The new book Honor in the Modern World: Interdisciplinary Perspectives explores the role of honor in modern societies. This book addresses the important question: How can honor be compatible with liberalism?
Here is the book description:
After a century-long hiatus, honor is back. Academics, pundits, and everyday citizens alike are rediscovering the importance of this ancient and powerful human motive. This volume brings together some of the foremost researchers of honor to debate honor’s meaning and its compatibility with liberalism, democracy, and modernity. Contributors—representing philosophy, sociology, political science, history, psychology, leadership studies, and military science—examine honor past to present, from masculine and feminine perspectives, and in North American, European, and African contexts. (View Table of Contents here.)
Honor in the Modern World features presentations from an academic conference and costs $100 (kindle is $80), so is mostly for researcher audiences. Nevertheless, I profile this book to highlight three things:
1. Honor is becoming more prominent in academia. Though interdisciplinary conversations take time to develop, I believe Christian practitioners can greatly benefit from ongoing research in the sciences. Our understanding of honor and shame should not be limited to the insights of social anthropologists, but should include sociologists, neurologists, ethicists, political scientists, historians, and more.
2. Conversations need Christian and theological voices. The articles in this volume contained great insights, but felt ungrounded at times. A chapter on the theological basis (perhaps in Abrahamic religions) would have positively enhanced this book. In our liberal and secular society, Christians can contribute to the common good with a cogent and winsome articulation of God-centered honor. This task would not be easy, especially since most of the negative examples of honor and shame come from the realm of religion.
3. The modern world needs honor. The current world order is fractured. The notion of nation-states structures our politics, and global capitalism defines our economic interactions, but those law-oriented systems appear incapable of addressing global issues (e.g., refugees, technology, employment, climate change, etc.). Honor can be positively employed in many areas of our modern world.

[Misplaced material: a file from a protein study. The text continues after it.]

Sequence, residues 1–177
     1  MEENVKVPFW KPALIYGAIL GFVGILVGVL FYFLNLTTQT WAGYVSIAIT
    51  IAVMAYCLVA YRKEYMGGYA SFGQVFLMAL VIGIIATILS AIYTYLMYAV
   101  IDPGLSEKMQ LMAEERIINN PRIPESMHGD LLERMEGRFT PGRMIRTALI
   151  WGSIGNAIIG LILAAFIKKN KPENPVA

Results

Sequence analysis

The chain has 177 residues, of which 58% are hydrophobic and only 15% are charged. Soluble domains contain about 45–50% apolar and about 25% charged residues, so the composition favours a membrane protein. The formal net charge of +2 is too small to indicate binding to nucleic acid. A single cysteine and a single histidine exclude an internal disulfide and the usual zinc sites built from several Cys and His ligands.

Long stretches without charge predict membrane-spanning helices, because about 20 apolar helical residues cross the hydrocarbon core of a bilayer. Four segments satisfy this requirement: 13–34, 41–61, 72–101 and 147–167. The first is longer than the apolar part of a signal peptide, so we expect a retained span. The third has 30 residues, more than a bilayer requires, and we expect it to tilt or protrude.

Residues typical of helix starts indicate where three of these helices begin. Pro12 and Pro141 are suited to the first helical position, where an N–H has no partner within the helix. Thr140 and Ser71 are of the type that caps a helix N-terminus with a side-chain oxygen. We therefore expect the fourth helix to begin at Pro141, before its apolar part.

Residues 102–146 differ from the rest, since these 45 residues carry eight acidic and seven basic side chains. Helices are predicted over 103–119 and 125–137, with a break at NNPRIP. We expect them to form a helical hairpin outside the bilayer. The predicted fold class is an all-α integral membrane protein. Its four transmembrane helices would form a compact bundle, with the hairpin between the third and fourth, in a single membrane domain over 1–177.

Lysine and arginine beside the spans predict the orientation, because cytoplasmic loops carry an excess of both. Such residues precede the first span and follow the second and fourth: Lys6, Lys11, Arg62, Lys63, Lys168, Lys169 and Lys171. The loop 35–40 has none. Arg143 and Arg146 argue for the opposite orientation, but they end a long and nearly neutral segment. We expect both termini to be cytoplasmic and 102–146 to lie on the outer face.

Ambivalence about honor, especially among intellectuals, is driven in no small measure by confusion over what honor is supposed to be. Indeed, in English, the word “honor” is not only ambiguous, but contronymic (connoting opposite ideas). (p 1)
[Martin Luther] King and other leaders promulgated the idea that going to jail as a result of protest activity was a badge of honor. … Jail became a badge of honor for civil rights activists because fro them going to jail was proof of “human dignity,” as [Frederick] Douglas had said. (81–82)
Honor is often overlooked in contemporary study of politics, but it is a powerful engine of political agency and potent source of freedom and political reform. It combines a proud sense of what one owes to oneself with high and principled ambition. (82)
One who cares not for moral excellence to begin with will of course want to hide his wickedness beneath a veer of acclaim. By contrast, the truly honorable person’s public persona is an expression of his actual character; he wants other people to recognize the genuine virtues that his life displays. He cares about being viewed favorably, both in terms of his own good, and because he cares about the values his life stands for and their relation to the good of society. (122)
Women, more often than men, marry “up,” meaning that in many honor cultures both the social and economic standing of a family depends upon successfully protecting, controlling, and managing the public perception of its women.